were used in the research project “MaKreKi” (one project in the research
         centre IDeA) are focused. The conception of these situations provides open
         mathematical problems, which permit a creative contact with the initially
         presented mathematical questions.
62 7B    Shin WATANABE, Kyoko KAKHANA
         Making Three-dimensional Solids with Braids and Straws
         This is a workshop to make 3-dimensional solids by using braids and straws
         to understand the relation between vertexes, not faces of each solid. We get
         the five regular solids: tetrahedron, octahedron, hexahedron, dodecahedron and
         icosahedrons.
65 2Aa   Lina Fonseca & Elisabete Cunha
         PAPER FOLDING AND PATTERN TASKS IN TEACHING AND
         LEARNING GEOMETRY TO PRE‐SERVICE TEACHERS
         One question that mathematics teachers trainers need to face is how to
         adequate/adapt work methodologies in different mathematical subjects to
         answer to the preparation needs of the students, having previous mathematics
         knowledge as background. Often they have few mathematics knowledge, and
         their interests and attitudes towards learning mathematics are low and
         negative. In this communication we intend to present the work made in the
         discipline of Geometry were we use paper folding and pattern tasks to
         introduce and to work geometrical concepts and to motivate students to learn
         plane and space geometry.
66 8Ab   Maruta Avotiņa
         INEQUALITIES IN MATHEMATICAL OLYMPIADS

                The inequality problems rarely appear in different mathematical
         contests. In this report the author will discuss problems related to inequalities
         in School level Olympiad, Regional Mathematical Olympiad and Open
         Mathematical Olympiad for secondary (also including grade 9) school
         students.
67 7Ac   Wendy Yap
         An Exploratory Study on the Interrelationships among Mathematical
         Creativity, Mathematical Attainment and Students’ Perceptions of their
         Creative Potential in Mathematics

         This is a pilot study on a class of 40 high ability Singaporean students, aged 10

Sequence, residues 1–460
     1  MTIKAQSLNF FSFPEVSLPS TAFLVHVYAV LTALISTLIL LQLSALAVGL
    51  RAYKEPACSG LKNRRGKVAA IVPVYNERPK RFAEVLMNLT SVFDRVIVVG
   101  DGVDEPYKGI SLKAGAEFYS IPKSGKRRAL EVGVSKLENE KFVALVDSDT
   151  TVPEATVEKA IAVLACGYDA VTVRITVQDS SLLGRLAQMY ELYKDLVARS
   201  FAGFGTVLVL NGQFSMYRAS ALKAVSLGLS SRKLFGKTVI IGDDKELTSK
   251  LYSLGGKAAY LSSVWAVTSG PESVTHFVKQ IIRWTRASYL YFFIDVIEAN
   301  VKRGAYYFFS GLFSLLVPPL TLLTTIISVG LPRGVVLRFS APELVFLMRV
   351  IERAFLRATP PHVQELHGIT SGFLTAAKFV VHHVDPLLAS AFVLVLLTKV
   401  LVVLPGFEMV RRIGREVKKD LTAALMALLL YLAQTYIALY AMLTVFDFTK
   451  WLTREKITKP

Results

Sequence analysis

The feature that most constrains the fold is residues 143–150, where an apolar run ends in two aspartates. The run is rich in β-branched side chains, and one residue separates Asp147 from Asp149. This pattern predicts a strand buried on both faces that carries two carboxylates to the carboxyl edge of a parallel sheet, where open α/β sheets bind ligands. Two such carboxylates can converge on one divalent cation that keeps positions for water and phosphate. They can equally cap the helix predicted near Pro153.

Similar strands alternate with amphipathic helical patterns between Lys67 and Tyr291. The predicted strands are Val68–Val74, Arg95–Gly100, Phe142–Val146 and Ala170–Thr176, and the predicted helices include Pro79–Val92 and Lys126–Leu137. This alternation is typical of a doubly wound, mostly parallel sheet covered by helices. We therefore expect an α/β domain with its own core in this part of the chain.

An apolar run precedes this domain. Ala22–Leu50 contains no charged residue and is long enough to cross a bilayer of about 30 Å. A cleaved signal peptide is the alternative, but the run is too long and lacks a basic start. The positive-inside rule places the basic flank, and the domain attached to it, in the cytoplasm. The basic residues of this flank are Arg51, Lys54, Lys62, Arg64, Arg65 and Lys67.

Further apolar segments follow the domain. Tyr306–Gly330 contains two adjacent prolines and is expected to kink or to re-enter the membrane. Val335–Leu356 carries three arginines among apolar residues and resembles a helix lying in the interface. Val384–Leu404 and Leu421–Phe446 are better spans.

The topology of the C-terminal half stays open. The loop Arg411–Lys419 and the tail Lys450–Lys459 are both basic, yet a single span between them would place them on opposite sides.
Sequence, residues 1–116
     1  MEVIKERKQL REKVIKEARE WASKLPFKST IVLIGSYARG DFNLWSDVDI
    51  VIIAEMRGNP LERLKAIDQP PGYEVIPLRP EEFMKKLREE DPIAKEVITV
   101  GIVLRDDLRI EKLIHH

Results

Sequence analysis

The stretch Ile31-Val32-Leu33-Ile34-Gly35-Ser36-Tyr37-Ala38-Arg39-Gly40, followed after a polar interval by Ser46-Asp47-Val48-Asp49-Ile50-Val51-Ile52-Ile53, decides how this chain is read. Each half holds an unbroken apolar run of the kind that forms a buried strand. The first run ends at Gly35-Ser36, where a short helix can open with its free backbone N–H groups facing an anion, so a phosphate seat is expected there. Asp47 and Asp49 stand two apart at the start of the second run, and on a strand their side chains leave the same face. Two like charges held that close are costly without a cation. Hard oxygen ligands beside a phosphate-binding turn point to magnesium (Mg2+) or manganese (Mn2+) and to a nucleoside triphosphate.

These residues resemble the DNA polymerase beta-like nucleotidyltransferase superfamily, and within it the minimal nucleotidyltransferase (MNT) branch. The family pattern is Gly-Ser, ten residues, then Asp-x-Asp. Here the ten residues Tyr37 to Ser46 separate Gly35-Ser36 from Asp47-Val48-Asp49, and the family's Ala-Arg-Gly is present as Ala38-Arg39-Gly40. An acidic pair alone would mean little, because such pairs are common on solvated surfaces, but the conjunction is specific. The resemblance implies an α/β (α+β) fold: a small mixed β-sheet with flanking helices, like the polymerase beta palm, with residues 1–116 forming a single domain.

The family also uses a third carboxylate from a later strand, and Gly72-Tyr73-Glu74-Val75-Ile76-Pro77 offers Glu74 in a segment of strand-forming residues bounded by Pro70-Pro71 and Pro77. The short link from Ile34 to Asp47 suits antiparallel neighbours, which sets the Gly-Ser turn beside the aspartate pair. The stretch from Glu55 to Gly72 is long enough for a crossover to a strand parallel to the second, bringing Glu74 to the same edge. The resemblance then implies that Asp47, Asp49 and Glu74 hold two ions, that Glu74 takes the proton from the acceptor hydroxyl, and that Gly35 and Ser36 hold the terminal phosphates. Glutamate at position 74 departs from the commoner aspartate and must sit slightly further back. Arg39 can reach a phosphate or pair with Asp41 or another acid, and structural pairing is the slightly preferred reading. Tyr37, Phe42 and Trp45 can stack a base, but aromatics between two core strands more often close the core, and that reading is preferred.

to 11 years old. It aims to explore the interrelationships among their
         mathematical attainment, mathematical creativity in terms of the fluency,
         flexibility and originality in their responses and perception of their creative
         potential in mathematics.
68 6Cc   Daud Mamiy

         Summer math camp is one of the effective ways to develop students’
         mathematical abilities. In the presentation the author’s view on this subject is
         offered, and the experience of running Adygheya summer math camps since
         1995 is described.
69 6Ca   Jinfa Cai and Ning Wang
         Identifying and Nurturing Mathematically
           Gifted Students in Classroom: Some Insights from LieCal Project

         How can we identify mathematically gifted students? How can we effectively
         nurture mathematically gifted students in classroom? These questions have
         been popular but complex in research related to gifted education in
         mathematics. We will draw findings from LieCal Project to provide some
         insights to these questions.
70 1Ca   Wilfried Herget, Karin Richter
         “Here is a Situation …!”Team Challenges with “Pictorial Problems”

         Open-ended problems are presented from mathematics team competitions in
         Germany since many years. Our goal was to foster team work competences,
         thinking about an inspiring pictorial situation, solving a modelling problem –
         step by step. Here is a situation – think about it! This is really a challenge.
71 4Cb   Valentina Gogovska, Risto Malceski
         Mathematics Models_

         This work attempts to introduce mathematical models into the mathematics
         curriculum. Consequently, all this should contribute, above all, to the
         possibility for students to obtain long-lasting structural knowledge. Similarly,
         the utilization of mathematical models can stimulate the process of creative
         thinking and motivate students in their current learning. Nevertheless, this
         process should be well planned, thought-out and specified.
72 6Cb   Emiliya Velikova
         DEVELOPING STUDENTS’ ABILITIES TO
         CREATE MATHEMATICAL PROBLEMS

         The paper presents the history of some mathematical problems, solutions and
         interesting methods for there development. The presented examples can be
         used for developing students’ abilities to create new mathematical problems.
         Key words: mathematical problems, gifted students, creativity